Please use this identifier to cite or link to this item: https://hdl.handle.net/1959.11/11786
Title: Objects of subversion: Contested spaces, competing stories and the material culture of motoring
Contributor(s): Clark, Jennifer R (author)
Publication Date: 2012
Handle Link: https://hdl.handle.net/1959.11/11786
Abstract: The dominant historical discourse on motoring is positive, functional, gendered, aesthetic and modernist. The motor museum reinforces and endorses this perception by collecting, collating and displaying flawlessly restored motor vehicles in a rational order (Divan and Scott 2001). The objects of motoring culture exhibited in this way represent technological progress, engineering achievement and what 'Steering Wheel' magazine pertinently called 'the joys of motoring' (1915: 50). Nevertheless, this clean and precise version of motoring history is contradicted every day by the relentless rise in road trauma. Each year 1.2 million people are killed on the roads worldwide and an additional 50 million injured, with the figures likely to rise further with the motorization of the Third World (Global Road Safety Forum ii.d.). Historically hidden as an anonymous but accumulating statistic, the victims of road trauma are increasingly recognized and remembered by the roadside memorials constructed in their honour (Everett 2002; Clark and Cheshire 2003-4; Haney, Leimer and Lowery 1997; Hartig and Dunn 1998). Roadside memorials usually consist of an eclectic assemblage of objects which collectively tell an alternative motoring history from that generally portrayed in popular museums. Common enough and benign in other contexts, when gathered together at the roadside these objects assume a sharp political, sociological and cultural significance (Santino 2006: 13; Senie 2006). In this context, and when read against the dominant motoring discourse, they may be interpreted as objects of subversion. Perhaps they may be even more radically described as constituting a 'post-museum'.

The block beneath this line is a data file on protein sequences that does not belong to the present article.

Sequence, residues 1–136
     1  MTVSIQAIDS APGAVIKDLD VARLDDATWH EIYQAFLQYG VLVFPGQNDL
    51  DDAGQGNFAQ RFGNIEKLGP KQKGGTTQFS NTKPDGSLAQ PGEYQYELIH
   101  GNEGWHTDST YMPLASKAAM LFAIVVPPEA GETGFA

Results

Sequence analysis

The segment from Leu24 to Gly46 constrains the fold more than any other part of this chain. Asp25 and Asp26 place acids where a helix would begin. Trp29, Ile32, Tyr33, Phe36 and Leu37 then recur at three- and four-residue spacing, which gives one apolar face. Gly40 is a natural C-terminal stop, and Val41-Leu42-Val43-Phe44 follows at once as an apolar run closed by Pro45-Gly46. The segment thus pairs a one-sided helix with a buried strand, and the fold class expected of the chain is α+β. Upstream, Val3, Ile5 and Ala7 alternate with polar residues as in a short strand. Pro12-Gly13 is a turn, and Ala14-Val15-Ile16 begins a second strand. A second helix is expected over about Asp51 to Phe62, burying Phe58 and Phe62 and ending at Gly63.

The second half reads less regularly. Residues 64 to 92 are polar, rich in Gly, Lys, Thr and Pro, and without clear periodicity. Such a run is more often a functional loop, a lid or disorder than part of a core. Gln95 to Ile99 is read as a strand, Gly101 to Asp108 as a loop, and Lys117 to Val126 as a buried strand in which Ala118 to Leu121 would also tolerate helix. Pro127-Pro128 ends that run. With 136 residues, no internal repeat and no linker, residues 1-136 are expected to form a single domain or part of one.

Publication Type: Book Chapter
Source of Publication: Narrating Objects, Collecting Stories: Essays in Honour of Professor Susan M. Pearce, p. 221-236
Publisher: Routledge
Place of Publication: Milton Park, United Kingdom
ISBN: 9780415692717
9780203120125
Field of Research (FOR): 210399 Historical Studies not elsewhere classified
HERDC Category Description: B1 Chapter in a Scholarly Book
Other Links: http://trove.nla.gov.au/work/159029680
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